In the first six months of using digital cameras to document domestic violence, Queens, New York saw domestic violence convictions rise nearly 10%. Following Queens’ lead, the NYPD has decided to expand its use of digital cameras throughout the department, starting with Brooklyn next month. The technology is being heralded as a swifter, more accurate means of documenting visible signs of abuse, like cuts, bruises, swelling and handprints. Most police departments use Polaroid shots to show signs of violence, which often produce blurry images that fail to illuminate the extent of the injuries. These snapshots are critically important, and often the only evidence a prosecutor has to prove abuse, especially when wounds have had time to heal or a victim chooses not cooperate.
Digital photography also dramatically increases the speed at which evidence is produced. Photographs may be transmitted via computer to a judge before an accuser is even arraigned, while standard snapshots usually take days, or even weeks, to be processed. “This is a major, major change,” said Robyn Mazur, associate director of domestic violence programs at the Center for Court Innovation. “By having these pictures instantaneously go directly to the key players, cases can potentially move much faster in those very early precious days.” However, critics of this use of digital photography are concerned the technology gives prosecutors greater license to prosecute offenders against a victim’s wishes and may send victims underground. There is also concern about the ease at which the photographs may be doctored, enhanced or manipulated via computer. “There are serious concerns,” NY Deputy Attorney Susan L. Hendricks told the Times. “I think that given the ability to manipulate them, the courts are going to have to be careful, or they should be.”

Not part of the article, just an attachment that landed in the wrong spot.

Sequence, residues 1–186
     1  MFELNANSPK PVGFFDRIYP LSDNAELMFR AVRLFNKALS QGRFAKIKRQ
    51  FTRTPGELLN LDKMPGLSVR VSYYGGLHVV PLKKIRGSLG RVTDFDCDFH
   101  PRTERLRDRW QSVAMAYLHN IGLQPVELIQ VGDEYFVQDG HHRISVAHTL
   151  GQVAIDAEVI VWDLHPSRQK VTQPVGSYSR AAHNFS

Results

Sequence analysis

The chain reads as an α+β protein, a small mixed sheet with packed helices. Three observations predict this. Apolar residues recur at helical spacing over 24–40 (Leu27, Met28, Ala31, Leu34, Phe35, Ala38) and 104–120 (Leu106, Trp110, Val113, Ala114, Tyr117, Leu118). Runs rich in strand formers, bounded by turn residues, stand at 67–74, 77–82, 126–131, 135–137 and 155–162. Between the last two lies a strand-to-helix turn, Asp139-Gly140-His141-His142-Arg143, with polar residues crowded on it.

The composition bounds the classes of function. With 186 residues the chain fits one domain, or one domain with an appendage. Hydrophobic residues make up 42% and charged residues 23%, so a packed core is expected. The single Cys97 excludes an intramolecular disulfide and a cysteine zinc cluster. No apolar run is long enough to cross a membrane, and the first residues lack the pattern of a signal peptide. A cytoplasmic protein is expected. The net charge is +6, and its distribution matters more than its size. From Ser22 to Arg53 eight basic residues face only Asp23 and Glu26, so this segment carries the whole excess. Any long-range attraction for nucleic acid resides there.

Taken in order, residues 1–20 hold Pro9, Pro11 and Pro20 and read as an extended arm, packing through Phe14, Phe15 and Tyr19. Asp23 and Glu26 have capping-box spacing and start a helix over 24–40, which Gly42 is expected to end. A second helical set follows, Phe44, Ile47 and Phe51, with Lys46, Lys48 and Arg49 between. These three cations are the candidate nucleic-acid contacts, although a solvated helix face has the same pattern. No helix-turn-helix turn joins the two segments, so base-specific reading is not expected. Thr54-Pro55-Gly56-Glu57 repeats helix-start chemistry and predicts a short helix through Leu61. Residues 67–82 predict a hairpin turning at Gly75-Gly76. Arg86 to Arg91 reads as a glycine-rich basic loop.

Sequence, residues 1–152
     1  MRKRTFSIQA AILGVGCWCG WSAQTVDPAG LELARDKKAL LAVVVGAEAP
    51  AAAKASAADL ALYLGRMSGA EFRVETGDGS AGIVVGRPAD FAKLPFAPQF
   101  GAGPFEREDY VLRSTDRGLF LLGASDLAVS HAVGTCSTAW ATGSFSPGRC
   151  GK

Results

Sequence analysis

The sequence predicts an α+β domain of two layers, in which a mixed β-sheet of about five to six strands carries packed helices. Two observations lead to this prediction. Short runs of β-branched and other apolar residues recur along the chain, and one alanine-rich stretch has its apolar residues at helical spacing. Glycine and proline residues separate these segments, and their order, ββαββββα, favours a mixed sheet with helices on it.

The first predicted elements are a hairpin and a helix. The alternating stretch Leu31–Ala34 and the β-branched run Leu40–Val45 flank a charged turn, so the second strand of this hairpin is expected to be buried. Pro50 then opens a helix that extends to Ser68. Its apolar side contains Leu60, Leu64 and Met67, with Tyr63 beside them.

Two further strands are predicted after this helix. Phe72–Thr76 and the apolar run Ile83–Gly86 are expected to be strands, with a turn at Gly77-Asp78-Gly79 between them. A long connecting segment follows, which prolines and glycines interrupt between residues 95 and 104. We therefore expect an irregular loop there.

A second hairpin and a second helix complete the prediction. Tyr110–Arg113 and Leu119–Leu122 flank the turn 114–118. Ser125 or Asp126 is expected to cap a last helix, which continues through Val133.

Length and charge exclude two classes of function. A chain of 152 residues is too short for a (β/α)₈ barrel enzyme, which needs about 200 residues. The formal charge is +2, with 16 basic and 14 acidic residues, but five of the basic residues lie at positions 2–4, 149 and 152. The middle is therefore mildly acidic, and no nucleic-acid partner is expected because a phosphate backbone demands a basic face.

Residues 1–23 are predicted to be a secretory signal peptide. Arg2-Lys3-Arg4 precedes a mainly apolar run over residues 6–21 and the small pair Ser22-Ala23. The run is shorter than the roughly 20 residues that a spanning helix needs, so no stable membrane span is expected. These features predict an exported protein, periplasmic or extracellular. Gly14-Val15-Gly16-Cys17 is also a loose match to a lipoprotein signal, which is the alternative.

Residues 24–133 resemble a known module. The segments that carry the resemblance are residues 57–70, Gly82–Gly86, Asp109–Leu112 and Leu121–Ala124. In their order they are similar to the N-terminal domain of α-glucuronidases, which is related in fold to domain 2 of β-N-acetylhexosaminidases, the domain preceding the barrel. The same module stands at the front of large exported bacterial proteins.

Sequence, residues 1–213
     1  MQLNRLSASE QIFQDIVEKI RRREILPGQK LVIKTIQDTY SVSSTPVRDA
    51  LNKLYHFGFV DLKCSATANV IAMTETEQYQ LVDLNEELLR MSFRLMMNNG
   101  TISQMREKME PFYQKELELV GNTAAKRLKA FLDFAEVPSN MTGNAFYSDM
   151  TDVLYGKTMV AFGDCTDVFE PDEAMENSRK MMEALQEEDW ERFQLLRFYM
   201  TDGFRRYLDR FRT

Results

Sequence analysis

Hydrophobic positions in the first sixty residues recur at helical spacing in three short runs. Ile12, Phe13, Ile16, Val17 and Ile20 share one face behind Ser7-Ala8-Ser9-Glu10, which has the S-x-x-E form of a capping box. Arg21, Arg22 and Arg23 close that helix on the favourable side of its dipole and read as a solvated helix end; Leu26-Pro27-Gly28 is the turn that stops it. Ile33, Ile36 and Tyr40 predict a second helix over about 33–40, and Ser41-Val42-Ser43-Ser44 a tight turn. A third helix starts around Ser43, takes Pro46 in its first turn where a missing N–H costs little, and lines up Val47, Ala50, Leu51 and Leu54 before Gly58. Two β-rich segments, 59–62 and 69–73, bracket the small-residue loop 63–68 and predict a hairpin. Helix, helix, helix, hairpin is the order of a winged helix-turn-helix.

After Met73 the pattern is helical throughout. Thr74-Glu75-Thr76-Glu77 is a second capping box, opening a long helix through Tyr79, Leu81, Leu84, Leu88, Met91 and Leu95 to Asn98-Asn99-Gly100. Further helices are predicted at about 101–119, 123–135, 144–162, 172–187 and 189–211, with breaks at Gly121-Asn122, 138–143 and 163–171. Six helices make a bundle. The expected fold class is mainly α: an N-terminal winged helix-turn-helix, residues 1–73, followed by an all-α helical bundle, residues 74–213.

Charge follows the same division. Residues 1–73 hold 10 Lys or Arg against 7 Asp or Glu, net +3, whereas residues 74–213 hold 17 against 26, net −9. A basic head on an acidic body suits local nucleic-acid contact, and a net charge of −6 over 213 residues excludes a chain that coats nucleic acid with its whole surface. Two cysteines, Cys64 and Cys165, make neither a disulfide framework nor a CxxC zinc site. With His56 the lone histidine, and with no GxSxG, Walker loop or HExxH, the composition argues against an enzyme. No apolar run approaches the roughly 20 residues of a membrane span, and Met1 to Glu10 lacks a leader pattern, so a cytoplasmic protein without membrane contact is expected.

According to the Center for Court Innovation, New York will be the first major city to adopt the technology throughout its police department, which handles about 90,000 domestic violence programs annually.